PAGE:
• Tax Prep/Book keeping
  • WIFI
  • Instruction/Lessons  (musical instrument, singing, knitting, scrap booking, etc)
  • Use of Kayak/Canoe
  • Clothes
  • Web services
  • Labor (hand wash and wax RV)

You can use barter/trade to raise funds for your favorite nonprofit organization.  If you belong to a nonprofit like a church for example, you have probably been involved in fund raising.  It might have been a bake sale, a car wash, or maybe a mini-golf tournament. 

Along with the familiar fund raisers why not add barter trade?  Instead of asking members to donate or spend their money you ask them to donate some of their time.  Start with the professionals like CPAs, attorneys, doctors, personal trainers, auto mechanics, etc.

 You can deposit these hours at a trade club.  Your organization would now have access to the other members’ services.  A church might be able to trade for a new roof or  have a daycare center built or some other costly project.  Another possibility is to auction off the donated time at the next  scheduled event.

What about taxes?  I’m not a tax expert so I can’t give specific tax advice.  When it comes to taxes you should speak with a tax professional. 

Generally speaking, I would tell a friend:

  • Treat barter like cash.  Trade dollars are the same as cash dollars as far as the IRS is concerned.
  • Keep good records.  The IRS taxes barter in hard dollars.
  • There is no tax advantage or disadvantage to trading.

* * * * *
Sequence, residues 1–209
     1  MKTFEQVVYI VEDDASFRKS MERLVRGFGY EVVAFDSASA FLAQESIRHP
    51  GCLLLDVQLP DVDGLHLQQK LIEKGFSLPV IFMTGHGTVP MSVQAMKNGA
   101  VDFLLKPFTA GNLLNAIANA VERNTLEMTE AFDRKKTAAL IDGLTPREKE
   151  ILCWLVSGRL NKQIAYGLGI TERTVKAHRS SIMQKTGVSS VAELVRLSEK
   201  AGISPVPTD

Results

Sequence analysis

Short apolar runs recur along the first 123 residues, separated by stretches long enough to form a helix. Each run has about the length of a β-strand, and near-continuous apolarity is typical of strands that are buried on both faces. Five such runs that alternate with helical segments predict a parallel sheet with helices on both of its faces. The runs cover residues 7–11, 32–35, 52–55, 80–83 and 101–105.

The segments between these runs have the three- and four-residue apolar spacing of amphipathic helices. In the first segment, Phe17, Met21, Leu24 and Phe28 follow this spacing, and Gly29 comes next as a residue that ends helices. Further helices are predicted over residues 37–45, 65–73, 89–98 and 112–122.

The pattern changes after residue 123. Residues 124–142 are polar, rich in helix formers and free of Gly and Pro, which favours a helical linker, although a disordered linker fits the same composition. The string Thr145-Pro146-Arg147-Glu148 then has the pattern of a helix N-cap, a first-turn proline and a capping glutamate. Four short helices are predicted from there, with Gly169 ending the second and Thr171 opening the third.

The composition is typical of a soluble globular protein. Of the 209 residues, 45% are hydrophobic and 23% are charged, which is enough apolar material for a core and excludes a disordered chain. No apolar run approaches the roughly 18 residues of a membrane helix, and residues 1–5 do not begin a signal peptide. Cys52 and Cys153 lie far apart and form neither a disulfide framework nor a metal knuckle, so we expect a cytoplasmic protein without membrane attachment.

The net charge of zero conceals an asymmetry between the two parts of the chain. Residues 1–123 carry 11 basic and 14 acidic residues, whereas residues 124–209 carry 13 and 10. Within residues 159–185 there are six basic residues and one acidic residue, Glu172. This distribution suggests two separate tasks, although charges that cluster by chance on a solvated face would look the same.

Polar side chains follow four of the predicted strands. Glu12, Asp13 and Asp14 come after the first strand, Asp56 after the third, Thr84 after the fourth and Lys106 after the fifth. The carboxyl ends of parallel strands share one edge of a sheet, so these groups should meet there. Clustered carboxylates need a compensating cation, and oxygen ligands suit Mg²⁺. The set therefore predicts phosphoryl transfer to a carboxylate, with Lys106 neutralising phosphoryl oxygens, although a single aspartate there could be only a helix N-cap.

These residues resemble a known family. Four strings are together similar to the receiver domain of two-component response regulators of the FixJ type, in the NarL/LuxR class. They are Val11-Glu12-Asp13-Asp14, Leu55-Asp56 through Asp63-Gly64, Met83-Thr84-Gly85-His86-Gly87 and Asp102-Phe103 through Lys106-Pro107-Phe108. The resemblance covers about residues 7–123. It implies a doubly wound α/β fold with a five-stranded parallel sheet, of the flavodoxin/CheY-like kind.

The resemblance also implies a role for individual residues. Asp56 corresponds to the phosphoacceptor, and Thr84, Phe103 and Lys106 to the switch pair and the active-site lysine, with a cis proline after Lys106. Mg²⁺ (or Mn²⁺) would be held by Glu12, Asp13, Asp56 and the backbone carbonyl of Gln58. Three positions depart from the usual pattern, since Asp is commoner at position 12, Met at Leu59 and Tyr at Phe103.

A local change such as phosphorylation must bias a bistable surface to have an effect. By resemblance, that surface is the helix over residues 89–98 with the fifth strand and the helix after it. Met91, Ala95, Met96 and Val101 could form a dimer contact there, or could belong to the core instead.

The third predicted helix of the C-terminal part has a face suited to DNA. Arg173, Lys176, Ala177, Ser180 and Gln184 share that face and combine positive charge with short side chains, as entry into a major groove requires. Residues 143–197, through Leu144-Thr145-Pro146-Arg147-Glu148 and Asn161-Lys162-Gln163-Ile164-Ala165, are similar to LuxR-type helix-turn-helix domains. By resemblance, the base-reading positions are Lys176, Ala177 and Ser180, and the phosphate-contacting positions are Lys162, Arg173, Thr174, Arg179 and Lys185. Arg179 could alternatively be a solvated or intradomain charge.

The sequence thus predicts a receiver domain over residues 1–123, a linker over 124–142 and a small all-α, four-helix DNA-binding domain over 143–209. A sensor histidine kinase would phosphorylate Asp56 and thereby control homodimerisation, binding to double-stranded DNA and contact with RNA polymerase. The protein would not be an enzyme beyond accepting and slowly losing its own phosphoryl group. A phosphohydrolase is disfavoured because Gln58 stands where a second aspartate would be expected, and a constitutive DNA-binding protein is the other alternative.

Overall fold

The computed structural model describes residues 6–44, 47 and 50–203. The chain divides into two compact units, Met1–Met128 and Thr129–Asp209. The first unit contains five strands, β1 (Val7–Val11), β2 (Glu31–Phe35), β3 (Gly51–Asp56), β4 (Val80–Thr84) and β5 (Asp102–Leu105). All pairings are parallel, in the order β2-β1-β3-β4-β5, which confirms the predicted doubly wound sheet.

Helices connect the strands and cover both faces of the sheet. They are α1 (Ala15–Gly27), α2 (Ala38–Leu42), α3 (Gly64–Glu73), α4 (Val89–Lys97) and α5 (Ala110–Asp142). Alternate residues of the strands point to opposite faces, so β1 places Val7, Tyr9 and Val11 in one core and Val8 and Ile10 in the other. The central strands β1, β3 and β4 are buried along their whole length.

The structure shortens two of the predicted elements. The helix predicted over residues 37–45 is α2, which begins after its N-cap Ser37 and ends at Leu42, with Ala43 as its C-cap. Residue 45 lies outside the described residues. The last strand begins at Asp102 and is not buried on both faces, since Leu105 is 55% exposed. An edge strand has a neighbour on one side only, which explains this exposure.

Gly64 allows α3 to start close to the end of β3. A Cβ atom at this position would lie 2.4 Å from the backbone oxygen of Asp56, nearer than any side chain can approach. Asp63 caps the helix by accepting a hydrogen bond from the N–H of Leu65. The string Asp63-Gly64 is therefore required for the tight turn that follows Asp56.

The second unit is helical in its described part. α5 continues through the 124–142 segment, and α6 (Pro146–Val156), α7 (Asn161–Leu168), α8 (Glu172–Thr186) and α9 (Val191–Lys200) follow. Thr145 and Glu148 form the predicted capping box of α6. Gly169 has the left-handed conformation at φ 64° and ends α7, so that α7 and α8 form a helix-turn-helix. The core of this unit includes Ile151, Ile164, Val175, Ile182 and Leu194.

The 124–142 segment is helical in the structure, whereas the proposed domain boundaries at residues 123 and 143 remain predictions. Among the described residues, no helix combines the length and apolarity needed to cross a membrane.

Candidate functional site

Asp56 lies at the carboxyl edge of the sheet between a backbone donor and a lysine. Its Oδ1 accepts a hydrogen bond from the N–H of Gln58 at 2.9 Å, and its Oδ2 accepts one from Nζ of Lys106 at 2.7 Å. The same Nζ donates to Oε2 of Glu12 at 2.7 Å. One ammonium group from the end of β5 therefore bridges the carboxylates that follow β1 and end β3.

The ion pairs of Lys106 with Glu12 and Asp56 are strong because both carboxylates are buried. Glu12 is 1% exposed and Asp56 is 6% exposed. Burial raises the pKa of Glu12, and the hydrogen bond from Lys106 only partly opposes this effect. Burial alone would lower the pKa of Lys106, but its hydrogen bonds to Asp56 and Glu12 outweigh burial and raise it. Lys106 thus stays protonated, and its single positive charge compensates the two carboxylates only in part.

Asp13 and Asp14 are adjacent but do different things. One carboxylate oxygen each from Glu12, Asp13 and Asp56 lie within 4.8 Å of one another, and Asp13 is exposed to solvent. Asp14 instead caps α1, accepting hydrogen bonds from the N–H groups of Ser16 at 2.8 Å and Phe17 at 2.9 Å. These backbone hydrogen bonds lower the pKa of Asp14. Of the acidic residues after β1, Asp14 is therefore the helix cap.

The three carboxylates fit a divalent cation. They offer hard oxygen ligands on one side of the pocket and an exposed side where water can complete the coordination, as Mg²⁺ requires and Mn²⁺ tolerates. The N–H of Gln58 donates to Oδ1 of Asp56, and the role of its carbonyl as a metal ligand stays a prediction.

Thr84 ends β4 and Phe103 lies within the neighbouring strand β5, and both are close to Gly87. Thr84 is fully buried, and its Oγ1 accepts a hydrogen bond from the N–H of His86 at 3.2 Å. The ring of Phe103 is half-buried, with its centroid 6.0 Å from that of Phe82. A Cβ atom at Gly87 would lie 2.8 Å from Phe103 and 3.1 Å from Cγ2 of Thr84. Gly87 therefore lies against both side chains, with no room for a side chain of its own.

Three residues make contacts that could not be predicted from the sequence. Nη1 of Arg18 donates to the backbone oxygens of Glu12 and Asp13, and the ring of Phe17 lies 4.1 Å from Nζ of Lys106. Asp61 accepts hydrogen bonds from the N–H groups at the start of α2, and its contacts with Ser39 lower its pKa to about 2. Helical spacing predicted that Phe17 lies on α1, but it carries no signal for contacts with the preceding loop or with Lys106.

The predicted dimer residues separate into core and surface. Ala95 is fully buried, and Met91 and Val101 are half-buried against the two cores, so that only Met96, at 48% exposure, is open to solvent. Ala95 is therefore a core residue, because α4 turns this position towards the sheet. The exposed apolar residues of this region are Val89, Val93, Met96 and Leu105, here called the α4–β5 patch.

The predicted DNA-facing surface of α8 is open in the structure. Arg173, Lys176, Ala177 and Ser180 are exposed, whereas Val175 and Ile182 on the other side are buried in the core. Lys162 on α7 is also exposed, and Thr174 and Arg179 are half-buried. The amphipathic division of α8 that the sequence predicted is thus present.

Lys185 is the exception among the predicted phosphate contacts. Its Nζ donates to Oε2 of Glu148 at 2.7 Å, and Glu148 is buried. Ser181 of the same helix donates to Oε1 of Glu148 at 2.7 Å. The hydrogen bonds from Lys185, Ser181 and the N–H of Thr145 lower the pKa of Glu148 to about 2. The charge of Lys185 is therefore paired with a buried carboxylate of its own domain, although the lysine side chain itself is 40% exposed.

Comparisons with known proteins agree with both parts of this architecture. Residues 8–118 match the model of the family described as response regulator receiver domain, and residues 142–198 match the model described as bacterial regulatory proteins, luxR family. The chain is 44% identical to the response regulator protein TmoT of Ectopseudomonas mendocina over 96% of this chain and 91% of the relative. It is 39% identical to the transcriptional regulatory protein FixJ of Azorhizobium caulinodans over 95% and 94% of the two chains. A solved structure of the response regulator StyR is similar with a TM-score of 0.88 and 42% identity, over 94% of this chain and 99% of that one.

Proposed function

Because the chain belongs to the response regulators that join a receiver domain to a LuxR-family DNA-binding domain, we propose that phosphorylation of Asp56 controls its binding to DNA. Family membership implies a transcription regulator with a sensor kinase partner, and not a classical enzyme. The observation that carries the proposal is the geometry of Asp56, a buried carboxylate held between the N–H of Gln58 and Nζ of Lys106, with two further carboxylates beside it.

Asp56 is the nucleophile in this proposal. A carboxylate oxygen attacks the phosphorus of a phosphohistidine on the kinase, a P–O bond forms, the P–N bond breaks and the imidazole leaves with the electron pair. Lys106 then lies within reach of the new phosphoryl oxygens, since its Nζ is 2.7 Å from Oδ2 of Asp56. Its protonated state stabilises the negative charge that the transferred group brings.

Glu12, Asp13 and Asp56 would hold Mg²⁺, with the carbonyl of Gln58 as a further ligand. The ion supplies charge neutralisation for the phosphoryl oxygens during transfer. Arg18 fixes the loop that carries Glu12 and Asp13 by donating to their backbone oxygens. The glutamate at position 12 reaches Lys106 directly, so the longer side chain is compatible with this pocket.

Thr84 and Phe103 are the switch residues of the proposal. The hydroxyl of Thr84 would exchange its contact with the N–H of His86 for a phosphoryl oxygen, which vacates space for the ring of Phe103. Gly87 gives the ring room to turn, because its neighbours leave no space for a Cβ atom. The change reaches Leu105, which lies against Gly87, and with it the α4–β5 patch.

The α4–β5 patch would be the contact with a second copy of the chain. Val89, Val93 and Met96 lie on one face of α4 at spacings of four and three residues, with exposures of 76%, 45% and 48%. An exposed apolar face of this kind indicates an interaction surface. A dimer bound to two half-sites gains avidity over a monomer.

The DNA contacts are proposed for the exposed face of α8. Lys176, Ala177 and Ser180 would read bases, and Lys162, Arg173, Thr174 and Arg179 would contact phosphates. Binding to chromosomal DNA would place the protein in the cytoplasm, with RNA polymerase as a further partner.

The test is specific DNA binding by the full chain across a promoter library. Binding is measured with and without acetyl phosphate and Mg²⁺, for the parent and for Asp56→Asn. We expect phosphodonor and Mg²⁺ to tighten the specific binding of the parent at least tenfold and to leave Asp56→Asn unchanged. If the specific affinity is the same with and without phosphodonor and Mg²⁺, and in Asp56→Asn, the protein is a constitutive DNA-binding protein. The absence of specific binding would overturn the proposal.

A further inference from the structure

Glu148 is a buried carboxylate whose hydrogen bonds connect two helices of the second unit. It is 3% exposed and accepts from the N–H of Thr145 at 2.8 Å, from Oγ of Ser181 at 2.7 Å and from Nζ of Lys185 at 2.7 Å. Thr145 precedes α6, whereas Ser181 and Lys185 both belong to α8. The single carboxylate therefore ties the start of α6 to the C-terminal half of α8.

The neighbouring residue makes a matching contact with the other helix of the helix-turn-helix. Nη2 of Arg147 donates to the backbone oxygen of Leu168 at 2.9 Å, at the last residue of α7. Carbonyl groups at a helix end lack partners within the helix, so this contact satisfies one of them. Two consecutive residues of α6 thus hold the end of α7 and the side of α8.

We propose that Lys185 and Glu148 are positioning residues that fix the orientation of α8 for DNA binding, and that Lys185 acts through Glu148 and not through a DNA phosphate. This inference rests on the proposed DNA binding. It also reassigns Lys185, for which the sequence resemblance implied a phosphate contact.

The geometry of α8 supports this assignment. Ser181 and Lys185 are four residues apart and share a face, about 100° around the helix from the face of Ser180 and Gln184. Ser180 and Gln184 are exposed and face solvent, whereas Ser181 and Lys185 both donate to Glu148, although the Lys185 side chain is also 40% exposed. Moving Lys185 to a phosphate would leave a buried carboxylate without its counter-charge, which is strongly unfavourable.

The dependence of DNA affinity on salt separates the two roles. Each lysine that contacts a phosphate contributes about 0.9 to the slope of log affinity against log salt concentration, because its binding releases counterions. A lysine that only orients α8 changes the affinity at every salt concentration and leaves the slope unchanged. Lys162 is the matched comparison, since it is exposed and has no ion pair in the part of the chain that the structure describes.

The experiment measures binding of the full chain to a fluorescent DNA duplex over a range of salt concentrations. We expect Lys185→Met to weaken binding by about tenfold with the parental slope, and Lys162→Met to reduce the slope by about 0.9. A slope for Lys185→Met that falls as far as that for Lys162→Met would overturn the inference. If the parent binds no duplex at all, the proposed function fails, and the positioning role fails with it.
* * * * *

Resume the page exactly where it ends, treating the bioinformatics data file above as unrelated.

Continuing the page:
• When you trade the IRS sees it as income.  The government taxes you on the market price of what was traded.  In a trade, both parties have to report the market value of what they traded.
  • When you join a trade club they will send you a 1099-B (Proceeds From Barter and Barter Exchange Transactions).  Visit the IRS Barter Tax Center for more information.

Remember, it never occurs to most folks to trade.  If you are going to trade with someone you will have ask them if they would consider it and then you will have to explain to them how they will benefit.  Make sure you are talking to the person who has the authority to make a trade.  If you want to trade with a small business find the owner and speak to him directly.

Be creative and have fun! 

We would love to hear about your barter/trade experiences.  Please use the form below to share your story with the rest of us bums. 


What Have You Bartered?

Have you ever bartered for something while full-timing? Do you barter regularly? Did you get creative to solve a problem, save money, or create a win-win outcome? Please share your barter story with the rest of us bums.

[ ? ]

Upload 1-4 Pictures or Graphics (optional)[ ? ]

 

Click here to upload more images (optional)

Author Information (optional)

To receive credit as the author, enter your information below.

(first or full name)

(e.g., City, State, Country)

Submit Your Contribution

 submission guidelines.


(You can preview and edit on the next page)

What Other Visitors Have Said

Click below to see contributions from other visitors to this page...

62 In the Right Hand Lane Not rated yet
THE KEY by Euronn Greene The keychain that held the little silver key would end three years of being homeless. Having a "mailing address" but no …

Click here to write your own.

Return to Barter Part 1

[?]Subscribe To This Site
  • XML RSS
  • follow us in feedly
  • Add to My Yahoo!
  • Add to My MSN
  • Subscribe with Bloglines